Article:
Redshift distribution as a function of GRB brightness at the time of observation (middle panel) and dust extinction, AV (bottom panel). Blue filled circles denote the GRBs in our statistical sample with C I detected in absorption. Black empty circles mark the GRBs in our sample without C I, where triangles represent upper limits on AV. In the middle and bottom panels, the dashed lines show the mean acquisition magnitudes and AV values for the GRBs without (black) and with (blue) C I detected in absorption in different bins: 1 <  z <  2, 2 <  z <  3, 3 <  z <  4, and z >  4. In the top panel the fraction of GRB C I absorbers is shown in the same redshift interval. The GRBs with C I detected below the completeness limit are shown by the blue empty circles, and are not included in the analysis.

In the text
thumbnail Fig. 8.

C Iλ 1560 rest-frame equivalent width as a function of dust extinction, AV (left panel) and 2175 Å bump strength, Abump (right panel). The blue filled circles denote the GRBs with C I detected in absorption (empty blue circles show the GRBs with C I detected below the completeness limit), where the filled blue left-pointing triangles in the right panel represent the upper limit on Abump derived for the other GRB C I absorbers (assuming an SMC bar extinction curve). The yellow squares show the quasar C I absorbers from Ledoux et al. (2015) and the green diamond symbols represent the quasar 2175 Å dust extinction feature absorbers from Ma et al. (2018). The dashed lines mark the Wr(λ 1560) detection limit and maximum AV and Abump for the GRBs with non-detections of C I.

In the text
thumbnail Fig. 9.

Column density of neutral hydrogen (H I) as a function of dust extinction, AV, i.e. the dust-to-gas ratio. Blue filled circles again denote the GRBs with C I detected in absorption (empty blue circles show the GRBs with C I detected below the completeness limit). Black empty circles mark the GRBs in our sample without C I, where triangles represent bursts with upper limits on AV. The yellow squares show the quasar C I absorbers from Ledoux et al. (2015) and the green diamond symbols represent the quasar 2175 Å dust extinction feature absorbers from Ma et al. (2018). Overplotted are the average dust-to-gas ratios from specific sightlines in the Local Group (MW, LMC, LMC2 and SMC) from Gordon et al. (2003).

In the text
thumbnail Fig. 10.

Metallicity distribution as a function of H I column density (left panel) and dust-phase iron column density, N(Fe)dust (right panel). Only the subsets of the full GRB sample with both a metallicity and N(H I) measurements (left) and depletion values (right) are shown. Blue filled circles again denote the GRBs with C I detected in absorption (empty blue circles show the GRBs with C I detected below the completeness limit). Black empty circles mark the GRBs in our sample without C I, where triangles represent bursts with lower limits on [X/H]. In the left panel, the dashed line corresponds to logN(H I)/cm−2 + [X/H] = 20.7, above which all the observed systems with detected C I are located and in the right panel the dashed line mark logN(Fe)dust/cm−2 = 16.2. At the top of both panels there are histograms of H I column density (left) and dust-phase iron column density (right) of the GRB absorbers with (filled blue) and without (black line) C I detected in absorption.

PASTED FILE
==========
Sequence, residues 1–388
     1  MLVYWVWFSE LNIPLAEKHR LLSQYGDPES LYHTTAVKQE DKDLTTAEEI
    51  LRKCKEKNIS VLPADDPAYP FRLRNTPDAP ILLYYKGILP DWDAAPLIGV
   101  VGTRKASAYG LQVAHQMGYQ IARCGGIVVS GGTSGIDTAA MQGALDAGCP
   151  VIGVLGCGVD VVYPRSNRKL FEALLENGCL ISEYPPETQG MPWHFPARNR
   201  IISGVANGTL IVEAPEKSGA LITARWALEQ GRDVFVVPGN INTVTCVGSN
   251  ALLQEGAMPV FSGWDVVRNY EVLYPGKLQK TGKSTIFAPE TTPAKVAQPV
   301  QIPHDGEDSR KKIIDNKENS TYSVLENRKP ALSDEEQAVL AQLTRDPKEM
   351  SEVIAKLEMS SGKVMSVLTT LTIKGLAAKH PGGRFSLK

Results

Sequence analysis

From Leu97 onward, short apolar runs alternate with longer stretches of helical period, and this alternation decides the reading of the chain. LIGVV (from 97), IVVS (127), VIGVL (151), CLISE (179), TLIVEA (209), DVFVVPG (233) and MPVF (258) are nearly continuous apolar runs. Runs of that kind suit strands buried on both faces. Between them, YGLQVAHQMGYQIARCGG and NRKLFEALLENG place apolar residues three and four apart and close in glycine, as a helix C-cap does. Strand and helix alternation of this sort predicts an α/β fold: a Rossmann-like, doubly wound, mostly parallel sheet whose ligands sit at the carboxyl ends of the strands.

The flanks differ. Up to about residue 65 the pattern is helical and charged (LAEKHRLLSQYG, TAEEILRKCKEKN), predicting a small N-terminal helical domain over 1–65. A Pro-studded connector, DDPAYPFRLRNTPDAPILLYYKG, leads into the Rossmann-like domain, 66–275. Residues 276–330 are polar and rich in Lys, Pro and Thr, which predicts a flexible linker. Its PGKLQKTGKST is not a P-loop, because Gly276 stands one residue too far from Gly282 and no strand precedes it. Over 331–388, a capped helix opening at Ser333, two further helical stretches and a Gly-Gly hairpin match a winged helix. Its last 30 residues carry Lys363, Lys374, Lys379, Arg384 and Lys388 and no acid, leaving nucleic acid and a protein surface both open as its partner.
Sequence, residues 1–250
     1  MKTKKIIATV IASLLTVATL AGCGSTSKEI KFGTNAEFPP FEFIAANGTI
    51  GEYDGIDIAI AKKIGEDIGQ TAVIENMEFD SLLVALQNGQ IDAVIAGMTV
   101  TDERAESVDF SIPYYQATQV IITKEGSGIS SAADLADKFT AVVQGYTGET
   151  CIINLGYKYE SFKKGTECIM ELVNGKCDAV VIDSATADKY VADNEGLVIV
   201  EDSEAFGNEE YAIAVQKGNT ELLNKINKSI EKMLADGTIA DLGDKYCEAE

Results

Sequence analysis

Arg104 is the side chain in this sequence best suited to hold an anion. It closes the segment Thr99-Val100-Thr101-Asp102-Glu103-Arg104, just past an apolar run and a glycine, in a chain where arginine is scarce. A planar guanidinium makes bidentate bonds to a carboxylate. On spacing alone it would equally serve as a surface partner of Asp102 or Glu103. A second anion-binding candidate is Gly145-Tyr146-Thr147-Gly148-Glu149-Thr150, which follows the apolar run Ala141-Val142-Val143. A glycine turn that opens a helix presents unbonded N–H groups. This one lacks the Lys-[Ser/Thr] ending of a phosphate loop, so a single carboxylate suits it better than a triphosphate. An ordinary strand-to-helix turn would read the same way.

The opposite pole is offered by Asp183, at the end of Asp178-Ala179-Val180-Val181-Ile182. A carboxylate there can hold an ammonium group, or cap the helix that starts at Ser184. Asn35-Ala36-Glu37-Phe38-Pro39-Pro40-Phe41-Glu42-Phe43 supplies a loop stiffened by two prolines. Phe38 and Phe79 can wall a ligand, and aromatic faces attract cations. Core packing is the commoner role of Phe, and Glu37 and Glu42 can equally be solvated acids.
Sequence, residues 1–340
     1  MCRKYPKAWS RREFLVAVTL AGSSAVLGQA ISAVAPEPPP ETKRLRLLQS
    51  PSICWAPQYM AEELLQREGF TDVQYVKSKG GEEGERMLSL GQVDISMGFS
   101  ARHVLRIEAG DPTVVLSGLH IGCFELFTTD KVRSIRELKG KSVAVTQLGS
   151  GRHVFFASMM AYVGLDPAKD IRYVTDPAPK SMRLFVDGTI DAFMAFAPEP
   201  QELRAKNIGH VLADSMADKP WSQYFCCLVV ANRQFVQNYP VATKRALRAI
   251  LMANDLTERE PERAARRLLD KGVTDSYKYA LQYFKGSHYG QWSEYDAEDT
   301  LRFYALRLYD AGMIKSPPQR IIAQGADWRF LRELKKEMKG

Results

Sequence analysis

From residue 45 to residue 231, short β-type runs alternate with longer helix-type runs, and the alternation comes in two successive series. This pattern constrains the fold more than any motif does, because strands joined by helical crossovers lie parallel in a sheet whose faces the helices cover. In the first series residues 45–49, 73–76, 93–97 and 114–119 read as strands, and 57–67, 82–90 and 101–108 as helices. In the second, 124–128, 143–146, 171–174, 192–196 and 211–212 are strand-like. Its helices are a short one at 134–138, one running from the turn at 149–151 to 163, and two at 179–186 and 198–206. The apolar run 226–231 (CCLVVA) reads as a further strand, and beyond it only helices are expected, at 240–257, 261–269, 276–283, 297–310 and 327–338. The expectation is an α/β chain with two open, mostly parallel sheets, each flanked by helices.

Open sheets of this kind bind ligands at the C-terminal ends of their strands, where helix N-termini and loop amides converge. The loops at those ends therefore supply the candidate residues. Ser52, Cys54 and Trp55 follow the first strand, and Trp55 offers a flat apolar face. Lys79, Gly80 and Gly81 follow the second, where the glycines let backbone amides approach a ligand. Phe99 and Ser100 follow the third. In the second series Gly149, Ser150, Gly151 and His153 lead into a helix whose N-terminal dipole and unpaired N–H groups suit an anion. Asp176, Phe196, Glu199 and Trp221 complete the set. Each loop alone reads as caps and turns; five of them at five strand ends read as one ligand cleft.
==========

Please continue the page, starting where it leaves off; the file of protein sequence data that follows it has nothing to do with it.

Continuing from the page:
In the text
thumbnail Fig. 11.

Comparison of the metallicity distribution as a function of H I column density for quasar and GRB absorbers with C I or H2 detections. Blue filled circles again denote the GRBs with C I detected in absorption (empty blue circles show the GRBs with C I detected below the completeness limit). Overplotted are the quasar absorbers with H2 detections from the VLT/UVES sample (dark red squares), quasar absorbers selected for the presence of the 2175 Å dust extinction feature (green diamonds) and quasar absorbers selected for the presence of C I absorption (yellow squares). Only systems with Wr(λ 1560)> 0.2 Å from each of the C I samples are shown. The dashed lines mark constant values of logN(H I)/cm−2 + [X/H] as indicated at each line.

In the text
thumbnail Fig. 12.

logN(H I)/cm−2 + [X/H], as a function of Wr(λ 1560) (top panel), dust depletion, [X/Fe], (middle panel) and depletion-derived dust-to-gas ratio, κX, (bottom panel) for quasar and GRB absorbers with C I or H2 detections. The same symbols are used as in Fig. 11, but here we also include the GRB afterglows with non-detections of C I (marked by the dashed lines in the top panel and as black empty circles in the bottom panels).

In the text